Most children and young people do not and will not use illegal drugs. Most young people who do use drugs will not develop serious problems or require specialist drug and alcohol services - as they will stop using with the help and support of their family or a trusted adult, such as a teacher or a youth worker.
DrugScope supports investment in the provision of high-quality, evidence-based education and information for young people, which should be available in every school. Young people with other problems in their lives are the most vulnerable to drug and alcohol problems, and significant numbers need access to specialist services. We recognise the need for integrated interventions for young people, and investment in mainstream services (like schools and youth agencies), supporting families and strengthening communities.
Recent DrugScope activity
Drug Education Forum. DrugScope is a member of the Drug Education Forum which is a forum of national agencies that is committed to improving the practice and profile of drug education.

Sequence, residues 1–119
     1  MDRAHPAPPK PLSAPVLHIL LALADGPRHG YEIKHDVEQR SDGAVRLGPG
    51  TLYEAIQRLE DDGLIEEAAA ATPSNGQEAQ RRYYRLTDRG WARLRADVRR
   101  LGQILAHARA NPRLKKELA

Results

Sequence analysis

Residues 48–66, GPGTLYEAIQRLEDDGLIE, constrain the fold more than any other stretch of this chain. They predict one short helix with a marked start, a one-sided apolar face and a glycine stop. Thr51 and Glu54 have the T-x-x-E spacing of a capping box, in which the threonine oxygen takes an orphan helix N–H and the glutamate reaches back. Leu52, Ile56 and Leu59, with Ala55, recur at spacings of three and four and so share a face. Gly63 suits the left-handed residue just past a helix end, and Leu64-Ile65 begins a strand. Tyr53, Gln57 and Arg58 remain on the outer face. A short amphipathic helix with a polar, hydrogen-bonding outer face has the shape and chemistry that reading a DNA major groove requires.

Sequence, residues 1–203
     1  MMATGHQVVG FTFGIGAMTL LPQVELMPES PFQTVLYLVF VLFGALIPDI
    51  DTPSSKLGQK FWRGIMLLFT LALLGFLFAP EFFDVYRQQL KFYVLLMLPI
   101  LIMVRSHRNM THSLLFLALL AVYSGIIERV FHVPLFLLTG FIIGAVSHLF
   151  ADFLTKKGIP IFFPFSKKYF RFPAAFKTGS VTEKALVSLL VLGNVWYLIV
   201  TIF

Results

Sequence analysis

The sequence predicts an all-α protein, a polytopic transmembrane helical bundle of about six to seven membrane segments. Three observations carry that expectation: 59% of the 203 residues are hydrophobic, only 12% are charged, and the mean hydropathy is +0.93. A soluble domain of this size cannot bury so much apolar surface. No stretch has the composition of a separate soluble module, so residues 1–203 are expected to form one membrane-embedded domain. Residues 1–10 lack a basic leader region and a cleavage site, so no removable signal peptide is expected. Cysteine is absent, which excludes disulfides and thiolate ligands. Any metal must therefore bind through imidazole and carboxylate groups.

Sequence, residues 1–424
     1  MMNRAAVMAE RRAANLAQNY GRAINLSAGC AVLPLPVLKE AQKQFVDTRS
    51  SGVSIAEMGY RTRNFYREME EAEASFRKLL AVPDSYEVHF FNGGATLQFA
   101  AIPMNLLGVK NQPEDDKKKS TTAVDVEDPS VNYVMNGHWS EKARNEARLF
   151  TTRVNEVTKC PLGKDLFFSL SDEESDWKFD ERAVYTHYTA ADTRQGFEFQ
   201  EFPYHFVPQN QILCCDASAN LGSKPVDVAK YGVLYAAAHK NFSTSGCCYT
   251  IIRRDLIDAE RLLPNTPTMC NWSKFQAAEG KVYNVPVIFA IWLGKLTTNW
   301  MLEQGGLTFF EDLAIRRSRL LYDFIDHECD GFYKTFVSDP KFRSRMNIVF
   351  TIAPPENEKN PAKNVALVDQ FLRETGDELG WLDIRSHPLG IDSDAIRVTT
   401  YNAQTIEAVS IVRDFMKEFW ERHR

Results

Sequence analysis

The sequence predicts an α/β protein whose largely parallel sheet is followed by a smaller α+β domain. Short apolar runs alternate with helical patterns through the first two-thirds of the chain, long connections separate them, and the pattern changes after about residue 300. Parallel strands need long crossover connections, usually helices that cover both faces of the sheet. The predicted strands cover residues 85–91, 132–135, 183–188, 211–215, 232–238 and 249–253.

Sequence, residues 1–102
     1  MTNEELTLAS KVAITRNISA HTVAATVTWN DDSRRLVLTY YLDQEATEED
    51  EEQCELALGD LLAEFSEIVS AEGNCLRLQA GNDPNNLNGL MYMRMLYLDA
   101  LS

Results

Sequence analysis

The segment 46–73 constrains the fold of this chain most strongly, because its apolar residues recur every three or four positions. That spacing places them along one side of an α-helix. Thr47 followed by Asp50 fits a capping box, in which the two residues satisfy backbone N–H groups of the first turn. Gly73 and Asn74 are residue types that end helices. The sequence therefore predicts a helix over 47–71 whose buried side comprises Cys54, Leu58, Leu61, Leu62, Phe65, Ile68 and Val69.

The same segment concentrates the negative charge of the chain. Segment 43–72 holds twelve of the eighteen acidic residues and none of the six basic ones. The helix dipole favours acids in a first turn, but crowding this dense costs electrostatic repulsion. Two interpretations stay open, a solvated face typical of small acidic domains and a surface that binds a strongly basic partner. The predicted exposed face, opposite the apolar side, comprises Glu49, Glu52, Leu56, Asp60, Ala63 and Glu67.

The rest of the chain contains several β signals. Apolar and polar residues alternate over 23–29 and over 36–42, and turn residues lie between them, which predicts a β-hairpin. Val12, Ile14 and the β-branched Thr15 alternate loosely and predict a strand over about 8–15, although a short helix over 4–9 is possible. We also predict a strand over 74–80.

Drug Education Practitioners Forum. DrugScope provides administrative support for the Drug Education Practitioners Forum, which promotes quality in drug education through support for the professional development of drug education practitioners working in formal and informal settings.
DrugScope is currently working with the Royal College of Psychiatrists to develop practice standards for young people’s treatment and with the UK Drug Policy Commission on a research report on the impact of localism and spending cuts on young people’s services.
Reports and briefings
Domino Effects: The impact of localism and austerity on services for young people and on drug problems (2012) (PDF)
This briefing reviews the changes that are occurring to services for young people at the local level and considers the potential impact of these for drug problems. It draws on interviews with 27 people working in a range of different types of young people’s services in nine local case study areas, a one-day event attended by people from statutory and voluntary organisations working with young people, as well as relevant published reports. The main focus of this report is on services for adolescents, generally those under 18, which tends to be the threshold for transition into adult services.
Young People’s Drug and Alcohol Treatment at the Crossroads (2010) (PDF)This report looked at the challenges for young people’s treatment services and identifies key issues that remain relevant to current debate, including the role of children’s services and the issue of transition for the young adult group.
Digital copy (requires Adobe Flash player)
DrugScope response to the DfE ‘Positive Futures’ consultation (2010) (PDF)
Drug Education Practitioners Forum response to Drugs: Guidance for Schools (2010) (PDF)